Science fiction and fantasy author Sharon Shinn started writing poetry when she was eight, began writing novels in her twenties, and sold her first book, The Shape-Changer’s Wife, in her thirties. In the nearly two decades since then, she’s published more than two dozen books while holding down a full-time journalism career. Today she joins the long haul series to talk about how she manages her writing time in the midst of that busy schedule.
I wrote my first (awful) book when I was 20 and published my first (entirely different) book when I was 38. When I turn 57 next year, I will have spent a third of my life learning to be a person, a third of my life learning the craft of writing, and a third of my life as a published writer.
While being a published writer remains the COOLEST THING EVER, it hasn’t exactly been the most stress-free segment of my life. Because I continue to hold down a full-time job, being a published writer means that I have become absolutely and relentlessly focused on time. There is never enough of it for me to accomplish all the things I have to do.
Even before I sold my first book, I was pretty obsessive about writing. Once I started a book—really started it, committed to it in my heart, wasn’t just jotting down a few unconnected scenes or some great lines of dialogue—I finished it, even though I didn’t have a high expectation of selling it. I wasn’t on my current pace of at least a book a year, though, so I could be kind of mellow about how much progress I made on a daily basis. If I came home from work and felt lazy, I could hang out with friends or watch TV and not feel too guilty about not producing any pages for the evening. Or the weekend. I remember one particularly busy spring when I had so much going on that I went an entire month without writing a word on my current novel, leaving my two protagonists facing death at the hands of the ruthless villain.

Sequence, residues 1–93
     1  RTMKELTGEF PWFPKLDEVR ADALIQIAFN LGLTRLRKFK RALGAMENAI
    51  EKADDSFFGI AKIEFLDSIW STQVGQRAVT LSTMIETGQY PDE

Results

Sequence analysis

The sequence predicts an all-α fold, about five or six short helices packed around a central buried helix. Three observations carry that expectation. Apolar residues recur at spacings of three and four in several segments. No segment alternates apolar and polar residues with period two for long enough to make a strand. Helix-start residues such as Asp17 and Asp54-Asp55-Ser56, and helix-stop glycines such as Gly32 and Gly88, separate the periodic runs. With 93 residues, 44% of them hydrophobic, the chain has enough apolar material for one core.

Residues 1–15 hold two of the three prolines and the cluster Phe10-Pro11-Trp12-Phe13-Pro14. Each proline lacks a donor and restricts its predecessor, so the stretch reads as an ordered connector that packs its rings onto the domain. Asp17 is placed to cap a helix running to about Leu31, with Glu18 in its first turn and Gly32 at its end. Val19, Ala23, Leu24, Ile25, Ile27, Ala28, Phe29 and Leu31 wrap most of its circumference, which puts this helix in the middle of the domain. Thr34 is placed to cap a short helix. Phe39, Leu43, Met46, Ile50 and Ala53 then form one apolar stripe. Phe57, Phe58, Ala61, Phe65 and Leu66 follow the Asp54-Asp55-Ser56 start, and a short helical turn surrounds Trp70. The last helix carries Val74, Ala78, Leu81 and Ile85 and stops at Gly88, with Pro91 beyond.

But now I have contracts. I have deadlines. And my books are longer. I know that I need to produce between twenty-five and thirty pages a week if I’m going to have time to write, rewrite, receive critiques, and polish a book before sending it off to my editor by the promised date. That means I have to write five pages a day at least five days a week—or six pages each on four days—or—well, you get the picture. I have to write a lot. Even when I’m tired. Even when I’m uninspired. Even when I really don’t feel like it. Writing has become a job, and I can’t choose to skip going into work for the day just because I’m feeling dull.
Even so, there are days that simply offer no time for sitting down at the keyboard and churning out pages. I might be going to dinner with friends. Or entertaining company from out of town. Or traveling to a wedding. I’m not writing on those days, which means I have to make up the pages on some other day.
Which means I always, always, always am aware of time. I try to consolidate time-eating errands: On the evenings I’m going to lose an hour by going to the hair salon, I do my grocery shopping too so I can keep another day free for writing. I DVR every single television program I watch so I can fast-forward through commercials and save myself fifteen minutes per hour. I get twitchy when too many events pile up in a month; sometimes I turn down invitations because I can’t bear to be away from the story for too many days in a row.